Formula Two Review

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Le Camp Castellet, July 26th

The European F2 Trophy for non-graded drivers lost a qualifying round when the race scheduled for Zandvoort on August 9th was cancelled, so the last month has been a lean one for Formula Two. A welcome addition to the calendar was a hastily-organised event at Paul Ricard’s new circuit at Le Castellet between Toulon and Marseilles in the South of France and a very full field gathered for what promised to be an exciting event. Graded drivers included Stewart in John Coombs’ Brabham (fitted once more with Dunlop tyres after Brabham had raced it at Rouen two weeks earlier), Rindt and Hill in the two works Lotus 69s, Beltoise in his slightly modified Pygmee and two BMWs for Ickx and Siffert. In addition there was a new (but not greatly different) Tecno for Regazzoni, Derek Bell in Tom Wheatcroft’s Brabham, and all the fast-rising names which seem to have found their way into Formula One this year such as Fittipaldi (Lotus 69), Peterson (March 702) and Cevert (Tecno).

The only international race to have taken place at Ricard-Castellet so far was a 2-litre sports-car event earlier in the year. Because Ricard hopes to stage next year’s French Grand Prix at his attractively-situated track, many of the drivers regarded their drive as something of a reconnoitre. What they found was a reasonably well-organised racing facility with spartan pits (at present they amount only to a slip road without permanent stands), an extensive well-surfaced paddock and a refreshing absence of those obdurate policemen who dominate any French race which is run on public roads. Apart from the delightful weather, Ricard-Castellet has little else to commend itself, the main criticism being that the circuit is laid out with a lack of imagination. It is flat, featureless and without good vantage points for the spectators, who seemed rather few on race day, possibly because the admission price seemed high even for this expensive part of France.

And the racing, which on paper seemed likely to be absorbing, flattered only to deceive as the principal contenders fell out with a wide variety of bothers.

The BMWs again seemed set for another win by leading several of the early laps. Regazzoni alone seemed to be worrying the German cars at this stage, while Stewart followed with Tim Schenken’s works-backed Sports Motors Brabham hard on his heels and Beltoise about to pass them both. Indeed, Beltoise was at his best and somehow he found his way into the lead after six laps. When he came round the next time he had increased his lead enormously, and the reason became obvious when his pursuers (led by the BMWs) arrived slithering from side to side, for the Pygmee’s sump plug had come undone and there was oil all over the track!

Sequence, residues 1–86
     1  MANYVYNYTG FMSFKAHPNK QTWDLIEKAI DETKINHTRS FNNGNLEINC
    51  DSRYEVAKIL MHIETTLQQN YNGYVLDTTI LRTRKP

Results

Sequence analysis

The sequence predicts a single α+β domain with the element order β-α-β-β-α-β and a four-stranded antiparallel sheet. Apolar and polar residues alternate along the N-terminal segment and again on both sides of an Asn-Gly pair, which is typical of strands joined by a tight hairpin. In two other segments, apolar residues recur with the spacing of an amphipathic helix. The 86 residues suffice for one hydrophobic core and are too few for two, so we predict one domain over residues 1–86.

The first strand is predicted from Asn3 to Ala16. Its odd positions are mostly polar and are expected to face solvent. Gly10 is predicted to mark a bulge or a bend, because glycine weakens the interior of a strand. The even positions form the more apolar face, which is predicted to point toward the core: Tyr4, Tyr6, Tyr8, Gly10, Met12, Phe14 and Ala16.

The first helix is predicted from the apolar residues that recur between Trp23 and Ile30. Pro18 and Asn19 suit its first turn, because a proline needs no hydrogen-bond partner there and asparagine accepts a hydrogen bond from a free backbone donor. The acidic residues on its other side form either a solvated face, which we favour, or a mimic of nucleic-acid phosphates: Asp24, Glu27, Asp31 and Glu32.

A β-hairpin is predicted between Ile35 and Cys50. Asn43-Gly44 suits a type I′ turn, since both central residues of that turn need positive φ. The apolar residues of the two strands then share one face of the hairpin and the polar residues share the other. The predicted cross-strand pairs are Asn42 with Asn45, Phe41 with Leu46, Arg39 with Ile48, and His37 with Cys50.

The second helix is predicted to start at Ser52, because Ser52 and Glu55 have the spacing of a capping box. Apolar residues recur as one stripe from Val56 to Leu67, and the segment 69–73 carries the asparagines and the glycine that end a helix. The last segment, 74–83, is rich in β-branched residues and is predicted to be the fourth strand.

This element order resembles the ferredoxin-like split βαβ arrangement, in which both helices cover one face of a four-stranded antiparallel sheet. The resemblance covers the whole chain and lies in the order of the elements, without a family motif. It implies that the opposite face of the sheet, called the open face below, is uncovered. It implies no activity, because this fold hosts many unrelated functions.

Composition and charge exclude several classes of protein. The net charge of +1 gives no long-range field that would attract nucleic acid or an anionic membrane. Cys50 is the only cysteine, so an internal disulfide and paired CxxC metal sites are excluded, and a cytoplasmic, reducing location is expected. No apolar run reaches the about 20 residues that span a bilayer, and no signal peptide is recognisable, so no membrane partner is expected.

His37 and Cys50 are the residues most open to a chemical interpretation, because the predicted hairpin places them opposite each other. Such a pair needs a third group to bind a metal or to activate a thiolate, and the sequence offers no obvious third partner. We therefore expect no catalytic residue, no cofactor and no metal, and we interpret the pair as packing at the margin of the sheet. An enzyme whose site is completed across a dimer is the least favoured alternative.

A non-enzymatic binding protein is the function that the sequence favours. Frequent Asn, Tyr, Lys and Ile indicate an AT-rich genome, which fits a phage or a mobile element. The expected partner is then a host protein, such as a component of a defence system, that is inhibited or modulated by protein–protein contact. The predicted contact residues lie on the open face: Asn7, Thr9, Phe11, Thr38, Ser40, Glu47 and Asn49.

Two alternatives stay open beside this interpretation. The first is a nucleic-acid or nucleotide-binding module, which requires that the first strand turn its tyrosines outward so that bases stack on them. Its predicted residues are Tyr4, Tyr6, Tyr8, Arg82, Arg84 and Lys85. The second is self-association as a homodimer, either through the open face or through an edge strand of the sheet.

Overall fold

Beltoise ground to a halt half a lap later after his brave effort with his Cosworth engine’s bearings rattling and the BMWs swept by to lead. Their new-found reliability had unfortunately taken a knock during bench testing the previous week with extensive blow-ups attributed by the BMW engineers to a faulty batch of oil with which they had been supplied in Germany. Siffert’s engine blew up at 12 laps and, although Ickx lasted rather longer, Regazzoni had gone ahead to score his second F2 victory of the season. Ickx’s engine expired after 31 misfiring laps.

The retirements behind came thick and fast, too. Stewart was out with a broken clutch and Rindt was well back in the pack with a loss of engine power which was only explained much later when it was found that his rev.-counter was reading several hundred revs. over-optimistically. In his efforts to keep up, the Austrian was bouncing off kerbs, in the process of which he scored a hole in a fuel tank and retired with his underwear soaked in best BP.

The survivors were not without their troubles and several plodded on with engines which seemed to be suffering from the effects of the heat and the hard driving to which they were being subjected. In fact, only Regazzoni had nothing of which to complain at the end, the new radiator arrangement of his Tecno appearing to be working just as well as intended.

Schenken in second place was almost pipped by Cevert in the second works Tecno: the young Australian had a spin when a gear jumped out, but nevertheless collected the best place of a season which has not been as happy as might have been expected. Cevert covered himself with glory in front of his countrymen, for having been left at the start with a stalled engine he made up for his error in valiant style and on his way to third place set a new circuit record of 2 min. 01.4 sec.—M. G. D.

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